Did you stay in touch with any of the subjects you photographed?
I only had a brief conversation with the pilgrims while taking the photos. My translator took their personal information like names, age, where they are coming from and how many times they surrounded the Kailash. As Tibet is one of the poorest areas of the world most of them didn’t have email or even a phone to stay in touch.
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How did you feel photographing in such a sacred place, and did you ever come up against any opposition?
Worshipping the Kailash doesn’t mean that you have to restrain your normal daily behaviour. It is not like visiting a church where you have to be quiet and concentrate on the prayers. When I walked the kora I saw many groups and families who really seemed to have a lot of fun worshipping the Kailash. They were picnicking, cooking traditional food and sharing it with other pilgrims who came along, they were singing, laughing, smoking cigarettes. Several times my crew was invited to join in and we all enjoyed these moments even though we didn’t really understand each other. I always felt like being very welcome to this place. Nobody treated me like an unwelcome stranger or tourist.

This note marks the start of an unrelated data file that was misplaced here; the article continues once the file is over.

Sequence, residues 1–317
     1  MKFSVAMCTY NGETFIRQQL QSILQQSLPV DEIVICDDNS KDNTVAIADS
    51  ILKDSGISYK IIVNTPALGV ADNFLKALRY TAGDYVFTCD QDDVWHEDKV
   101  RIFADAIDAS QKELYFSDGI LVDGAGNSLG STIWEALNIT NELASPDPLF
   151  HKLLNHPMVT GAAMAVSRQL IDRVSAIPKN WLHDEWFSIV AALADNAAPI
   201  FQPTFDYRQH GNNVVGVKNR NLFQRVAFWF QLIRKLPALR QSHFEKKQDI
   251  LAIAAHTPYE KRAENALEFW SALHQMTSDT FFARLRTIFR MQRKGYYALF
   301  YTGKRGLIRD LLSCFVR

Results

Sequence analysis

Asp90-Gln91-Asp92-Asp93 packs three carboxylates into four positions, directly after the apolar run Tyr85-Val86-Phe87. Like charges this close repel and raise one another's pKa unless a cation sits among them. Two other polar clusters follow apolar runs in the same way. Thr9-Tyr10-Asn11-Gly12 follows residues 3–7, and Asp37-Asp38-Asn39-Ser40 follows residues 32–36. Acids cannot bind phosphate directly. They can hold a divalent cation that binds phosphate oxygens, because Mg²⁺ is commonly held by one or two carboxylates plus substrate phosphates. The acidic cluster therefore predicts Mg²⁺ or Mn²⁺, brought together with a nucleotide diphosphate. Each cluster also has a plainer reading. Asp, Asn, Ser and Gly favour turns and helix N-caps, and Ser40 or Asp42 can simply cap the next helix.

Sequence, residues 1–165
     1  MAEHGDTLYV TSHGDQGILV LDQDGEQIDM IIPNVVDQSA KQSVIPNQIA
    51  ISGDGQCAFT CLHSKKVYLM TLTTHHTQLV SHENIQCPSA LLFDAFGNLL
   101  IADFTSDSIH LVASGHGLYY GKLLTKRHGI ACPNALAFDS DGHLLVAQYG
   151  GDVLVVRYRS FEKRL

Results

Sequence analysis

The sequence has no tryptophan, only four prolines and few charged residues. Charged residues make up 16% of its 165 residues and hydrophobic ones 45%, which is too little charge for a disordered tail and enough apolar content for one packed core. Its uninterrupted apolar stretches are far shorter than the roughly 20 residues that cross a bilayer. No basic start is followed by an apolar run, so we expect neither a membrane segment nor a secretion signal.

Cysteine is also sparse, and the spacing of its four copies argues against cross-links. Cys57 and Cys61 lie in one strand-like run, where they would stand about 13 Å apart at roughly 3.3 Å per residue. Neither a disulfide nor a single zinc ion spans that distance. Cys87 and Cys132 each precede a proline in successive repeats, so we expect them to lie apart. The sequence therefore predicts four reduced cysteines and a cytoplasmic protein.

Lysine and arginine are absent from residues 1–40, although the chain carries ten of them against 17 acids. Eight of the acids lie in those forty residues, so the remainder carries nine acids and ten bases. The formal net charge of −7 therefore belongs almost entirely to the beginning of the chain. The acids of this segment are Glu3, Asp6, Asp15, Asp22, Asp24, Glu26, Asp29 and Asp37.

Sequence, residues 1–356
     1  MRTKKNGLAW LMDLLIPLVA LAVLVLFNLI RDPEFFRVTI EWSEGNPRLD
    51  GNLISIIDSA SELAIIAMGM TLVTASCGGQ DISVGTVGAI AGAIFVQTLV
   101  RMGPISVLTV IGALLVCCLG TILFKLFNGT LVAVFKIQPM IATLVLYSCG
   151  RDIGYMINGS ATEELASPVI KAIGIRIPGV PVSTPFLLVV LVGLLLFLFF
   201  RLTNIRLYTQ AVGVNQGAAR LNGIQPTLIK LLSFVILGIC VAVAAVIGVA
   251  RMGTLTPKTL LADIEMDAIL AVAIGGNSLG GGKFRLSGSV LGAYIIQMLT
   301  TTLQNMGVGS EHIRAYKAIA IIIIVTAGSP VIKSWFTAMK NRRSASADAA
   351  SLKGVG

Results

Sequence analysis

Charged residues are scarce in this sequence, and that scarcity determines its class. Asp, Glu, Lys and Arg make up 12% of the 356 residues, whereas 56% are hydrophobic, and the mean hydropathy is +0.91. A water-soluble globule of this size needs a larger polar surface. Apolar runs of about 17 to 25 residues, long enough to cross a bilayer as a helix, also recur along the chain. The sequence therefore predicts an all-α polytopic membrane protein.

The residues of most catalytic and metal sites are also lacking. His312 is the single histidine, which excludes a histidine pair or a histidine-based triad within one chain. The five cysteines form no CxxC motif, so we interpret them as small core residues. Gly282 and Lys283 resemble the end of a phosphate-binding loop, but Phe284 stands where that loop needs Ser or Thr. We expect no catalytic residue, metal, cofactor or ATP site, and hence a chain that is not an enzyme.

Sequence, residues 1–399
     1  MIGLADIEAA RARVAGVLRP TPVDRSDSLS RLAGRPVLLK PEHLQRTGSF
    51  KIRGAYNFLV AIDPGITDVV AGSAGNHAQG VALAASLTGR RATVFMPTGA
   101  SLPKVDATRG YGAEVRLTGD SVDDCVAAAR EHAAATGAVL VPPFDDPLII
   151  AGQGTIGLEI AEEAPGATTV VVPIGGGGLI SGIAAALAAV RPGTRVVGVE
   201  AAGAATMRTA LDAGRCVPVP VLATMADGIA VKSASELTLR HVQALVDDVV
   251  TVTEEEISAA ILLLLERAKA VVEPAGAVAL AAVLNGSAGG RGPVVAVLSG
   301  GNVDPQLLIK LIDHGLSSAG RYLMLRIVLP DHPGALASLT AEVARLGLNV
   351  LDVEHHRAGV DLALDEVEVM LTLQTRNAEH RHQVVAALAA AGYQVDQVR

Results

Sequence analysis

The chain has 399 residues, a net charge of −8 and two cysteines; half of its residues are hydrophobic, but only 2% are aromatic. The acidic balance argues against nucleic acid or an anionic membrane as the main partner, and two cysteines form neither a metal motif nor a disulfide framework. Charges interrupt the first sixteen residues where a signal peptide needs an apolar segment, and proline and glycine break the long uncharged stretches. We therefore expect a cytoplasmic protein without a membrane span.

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There is an interesting relationship between scale in your images. The human figures become tiny ants dwarfed by the towering, powerful landscapes. Despite this seemingly untouchable environment do you feel the area is at risk of being damaged or commercialised?